The United States had more than 481,372 new cases of COVID1 last week, setting a new record for the most new cases reported in a week since the pandemic began.
Nearly half the country set records for new COVID-19 cases in a week while five states had a record number of deaths in a week: Montana, North Carolina, South Dakota, Wisconsin and Wyoming.
The U.S. reports a new COVID-19 case every 1.26 seconds, according to a USA TODAY analysis of Johns Hopkins University data.
Meanwhile, there are more than 43 million coronavirus cases worldwide.
Vice President Mike Pence plans to attend several scheduled events this week, including the final vote to confirm Amy Coney Barrett to the Supreme County on Monday, despite several of his aides testing positive for COVID-19.
Some Democrats have criticized his decision, with Montana Sen. Jon Tester calling it “absolutely irresponsible” as parts of the nation, including Washington, fight a surge in the number of cases.
“It sets a terrible, terrible example for the American people,” Senate Minority Leader Chuck Schumer said Sunday.
Meanwhile, in Mexico, health officials said the country’s coronavirus death toll is far higher than previously reported, with 193,170 “excess” deaths through late September. Nearly 140,000 deaths are now judged attributable to COVID-19, about 50,000 more than the country’s official death toll of 89,000.
📈 Today’s numbers: The U.S. has reported more than 8.6 million cases and 225,200 deaths, according to Johns Hopkins University data. The global totals: 42.9 million cases and 1.15 million deaths.
🗺️ Mapping coronavirus: Track the U.S. outbreak in your state.
When will there be a COVID-19 vaccine? Our panel of experts expects at least one COVID-19 vaccine will be approved in the coming months. Then things could really get complicated.
Democrats criticize Mike Pence for not isolating after aides’ positive tests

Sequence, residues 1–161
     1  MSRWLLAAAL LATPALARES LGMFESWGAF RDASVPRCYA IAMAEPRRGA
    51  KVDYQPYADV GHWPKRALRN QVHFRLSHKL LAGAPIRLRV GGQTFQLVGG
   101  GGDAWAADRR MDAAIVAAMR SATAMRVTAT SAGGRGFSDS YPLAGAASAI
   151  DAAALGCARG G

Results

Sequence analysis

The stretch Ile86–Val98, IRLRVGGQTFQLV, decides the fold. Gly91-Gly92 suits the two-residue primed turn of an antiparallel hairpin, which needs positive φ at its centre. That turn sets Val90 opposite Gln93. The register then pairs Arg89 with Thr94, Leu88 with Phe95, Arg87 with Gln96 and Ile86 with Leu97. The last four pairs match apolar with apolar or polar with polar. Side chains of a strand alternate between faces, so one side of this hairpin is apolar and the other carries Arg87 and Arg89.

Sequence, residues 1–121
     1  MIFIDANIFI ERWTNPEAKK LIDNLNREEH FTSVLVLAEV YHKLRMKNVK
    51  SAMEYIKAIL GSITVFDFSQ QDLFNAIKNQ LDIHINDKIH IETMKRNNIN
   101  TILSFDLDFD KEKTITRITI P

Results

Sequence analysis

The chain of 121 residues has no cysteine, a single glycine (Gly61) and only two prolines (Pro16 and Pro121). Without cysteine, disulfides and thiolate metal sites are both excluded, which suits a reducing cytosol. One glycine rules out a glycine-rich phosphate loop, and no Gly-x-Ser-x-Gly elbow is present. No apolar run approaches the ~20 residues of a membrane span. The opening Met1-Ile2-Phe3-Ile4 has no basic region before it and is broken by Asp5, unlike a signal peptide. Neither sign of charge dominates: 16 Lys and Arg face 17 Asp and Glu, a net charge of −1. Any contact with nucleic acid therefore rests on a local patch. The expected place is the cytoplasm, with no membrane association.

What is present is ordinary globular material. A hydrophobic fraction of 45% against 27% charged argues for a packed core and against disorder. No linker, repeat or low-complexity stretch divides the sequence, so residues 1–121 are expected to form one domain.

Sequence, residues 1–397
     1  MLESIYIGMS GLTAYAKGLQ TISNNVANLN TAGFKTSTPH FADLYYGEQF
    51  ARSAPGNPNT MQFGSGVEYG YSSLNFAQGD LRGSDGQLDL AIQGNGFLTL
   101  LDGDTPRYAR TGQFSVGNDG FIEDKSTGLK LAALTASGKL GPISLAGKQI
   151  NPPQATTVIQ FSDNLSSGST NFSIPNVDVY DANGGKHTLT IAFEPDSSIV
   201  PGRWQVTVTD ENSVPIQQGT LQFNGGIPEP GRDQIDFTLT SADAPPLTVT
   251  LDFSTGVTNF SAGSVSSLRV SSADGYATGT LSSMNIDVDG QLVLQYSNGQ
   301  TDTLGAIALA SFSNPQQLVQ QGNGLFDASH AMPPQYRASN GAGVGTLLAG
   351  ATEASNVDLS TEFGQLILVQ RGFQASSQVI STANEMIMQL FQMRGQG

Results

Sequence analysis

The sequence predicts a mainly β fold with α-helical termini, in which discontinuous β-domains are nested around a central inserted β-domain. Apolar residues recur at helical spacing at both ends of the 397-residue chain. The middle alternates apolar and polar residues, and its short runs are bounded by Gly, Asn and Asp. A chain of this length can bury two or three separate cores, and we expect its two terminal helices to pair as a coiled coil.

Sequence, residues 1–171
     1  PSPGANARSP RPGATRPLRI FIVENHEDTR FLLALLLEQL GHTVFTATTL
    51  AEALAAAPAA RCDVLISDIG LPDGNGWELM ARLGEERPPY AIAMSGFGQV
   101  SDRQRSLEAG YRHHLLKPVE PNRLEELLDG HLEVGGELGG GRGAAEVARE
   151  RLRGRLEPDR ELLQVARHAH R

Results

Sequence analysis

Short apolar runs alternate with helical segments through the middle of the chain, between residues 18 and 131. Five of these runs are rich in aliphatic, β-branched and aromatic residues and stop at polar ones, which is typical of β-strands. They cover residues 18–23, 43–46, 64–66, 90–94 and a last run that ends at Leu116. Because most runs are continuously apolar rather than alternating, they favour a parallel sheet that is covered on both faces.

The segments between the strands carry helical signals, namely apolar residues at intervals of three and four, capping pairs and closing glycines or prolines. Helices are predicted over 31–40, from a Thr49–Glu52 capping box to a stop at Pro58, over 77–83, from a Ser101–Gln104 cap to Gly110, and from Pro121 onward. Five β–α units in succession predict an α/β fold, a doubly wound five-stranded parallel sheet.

Senate Democrats on Sunday lodged harsh criticisms at Vice President Mike Pence who plans to preside over the chamber during a vote on Amy Coney Barrett’s confirmation to the Supreme Court on Monday despite several of his top aides contracting COVID-19.
The plans drew harsh criticism from Democrats but Republicans mostly shrugged off Pence coming to Capitol Hill, explaining they were sure the vice president would do so responsibly.
Senate Minority Leader Chuck Schumer, D-N.Y., railed against Pence’s plans and said the visit would put “the health of everyone who works in this building at risk,” noting that Pence should quarantine as CDC guidelines dictate.
– Christal Hayes
Wisconsin quarterback Graham Mertz tests positive for COVID-19
Wisconsin redshirt freshman quarterback Graham Mertz, who put on a sparkling performance in his starting debut Friday night, has tested positive for COVID-19.
Two people familiar with the situation told the Milwaukee Journal Sentinel, part of the USA TODAY Network, on Sunday that Mertz has had one positive test. They spoke on condition of anonymity because they were not authorized to speak publicly on the matter.
Mertz completed 20 of 21 passes for 248 yards and five touchdowns in the Badgers’ 45-7 victory over Illinois on Friday. Wisconsin is ranked No. 11 in this week’s Amway Coaches Poll. A Wisconsin official declined to comment on Mertz’s status. But a positive test does not necessarily mean he won’t be able to play.